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THIS IS OUR FAULT: The Masked Singer is a natural progression

Talent quests have their place, it’s just not our place.

I’ve noticed many of my industry mates pissing and moaning about the latest TV reality singing suckfest The Masked Singer since is kicked off on Channel 10. And while I hear what they’re saying, and agree with some of it, why are we SUPRISED? I mean surely as members of the music community (both listeners, producers and players) we are, in part, to blame for what constitutes as live music content on commercial broadcast TV these days. This is the natural progression…

I mean, everyone loves a good talent contest. We love to see someone fail to hit the high note, we’re hooked when an overweight radio host shatters the dreams of some kid who wanted to become famous and we love when one of our sports stars gives singing a bash.

“Brett Lee can sing? No way. I don’t believe it”.

The fact is he can sing just as good as Kate Ceberano can play international test cricket. I mean, Brett looks like the type of guy who’s probably pulled a few all-nighters in a couple of dodgy karaoke bars around the world. And if you’re singing enough karaoke you’re gonna learn to hold a tune at some point. But holding a tune is like throwing a ball.

Everyone can probably do it, but it doesn’t mean you’re any good.

But it’s not Brett’s fault this show sucks, it’s our fault. We’ve sucked this sort of crap up as an audience and we’ve danced with it as members of the cast.

We, as a music community, have embraced this sort of crap through celebration and participation in shows like Australian Idol and The Voice.

It’s through this embrace and participation that we as the music community have allowed shows like this to become the norm. And while the music purists in the room would say “this isn’t about the music, it’s a TV show” that matters little to the millions of people who tune in or watch online. This is how they’re experiencing local music, and that’s an issue.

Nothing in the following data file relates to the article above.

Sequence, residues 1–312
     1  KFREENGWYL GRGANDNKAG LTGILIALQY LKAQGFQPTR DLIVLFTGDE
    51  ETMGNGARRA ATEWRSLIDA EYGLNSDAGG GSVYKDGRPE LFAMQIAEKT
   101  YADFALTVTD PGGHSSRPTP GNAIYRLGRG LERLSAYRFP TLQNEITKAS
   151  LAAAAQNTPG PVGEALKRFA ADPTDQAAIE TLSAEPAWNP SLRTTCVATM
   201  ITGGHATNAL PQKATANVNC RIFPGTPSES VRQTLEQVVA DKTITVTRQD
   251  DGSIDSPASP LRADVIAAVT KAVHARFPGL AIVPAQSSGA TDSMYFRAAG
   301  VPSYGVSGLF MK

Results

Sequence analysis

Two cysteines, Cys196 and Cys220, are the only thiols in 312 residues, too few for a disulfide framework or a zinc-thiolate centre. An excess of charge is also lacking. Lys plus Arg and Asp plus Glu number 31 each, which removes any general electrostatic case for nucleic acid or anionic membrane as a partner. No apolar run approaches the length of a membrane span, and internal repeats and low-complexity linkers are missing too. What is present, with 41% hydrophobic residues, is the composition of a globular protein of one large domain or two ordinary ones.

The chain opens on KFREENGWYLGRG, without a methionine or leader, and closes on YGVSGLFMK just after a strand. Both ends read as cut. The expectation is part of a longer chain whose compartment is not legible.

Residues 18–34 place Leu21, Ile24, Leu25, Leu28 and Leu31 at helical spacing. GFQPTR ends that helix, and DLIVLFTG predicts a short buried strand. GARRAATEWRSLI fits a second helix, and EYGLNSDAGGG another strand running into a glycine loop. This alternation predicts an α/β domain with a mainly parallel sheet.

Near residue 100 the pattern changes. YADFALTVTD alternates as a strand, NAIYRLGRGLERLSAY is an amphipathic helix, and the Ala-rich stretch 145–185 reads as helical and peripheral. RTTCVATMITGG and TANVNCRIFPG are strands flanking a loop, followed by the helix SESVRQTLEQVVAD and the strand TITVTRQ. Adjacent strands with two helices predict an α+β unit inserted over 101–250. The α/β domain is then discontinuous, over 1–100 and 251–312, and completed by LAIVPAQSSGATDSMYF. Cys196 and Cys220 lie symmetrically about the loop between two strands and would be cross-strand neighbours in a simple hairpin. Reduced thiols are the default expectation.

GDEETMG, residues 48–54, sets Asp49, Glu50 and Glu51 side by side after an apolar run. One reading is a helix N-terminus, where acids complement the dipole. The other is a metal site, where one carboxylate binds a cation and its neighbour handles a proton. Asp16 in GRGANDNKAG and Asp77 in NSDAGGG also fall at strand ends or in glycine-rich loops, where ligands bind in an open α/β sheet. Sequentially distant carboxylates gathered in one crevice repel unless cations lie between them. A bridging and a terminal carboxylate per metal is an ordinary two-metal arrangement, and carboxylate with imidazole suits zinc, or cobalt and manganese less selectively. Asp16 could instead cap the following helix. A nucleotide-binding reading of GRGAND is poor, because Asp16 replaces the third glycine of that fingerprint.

So what can we do?

Well, let’s start by not lining up to be on these shows and actually leaving them to the Karaoke singers.

I understand why established artists are attracted to these shows – I auditioned for Australian Idol at a time I was on stage with a successful theatre company. I auditioned because it seemed like a legitimate way of “making it” and one of the only ways I could see to get my mug in front of a mass audience. But that fact is, our appearance on these shows just aligns them with us and that’s bad because they do have little to do with the music.

The other thing we can do is stop talking about them, stop telling our students to watch them or aspire to them. And maybe we should stop writing about them too.

Talent quests have their place, it’s just not our place.

Written by Dan Beazley

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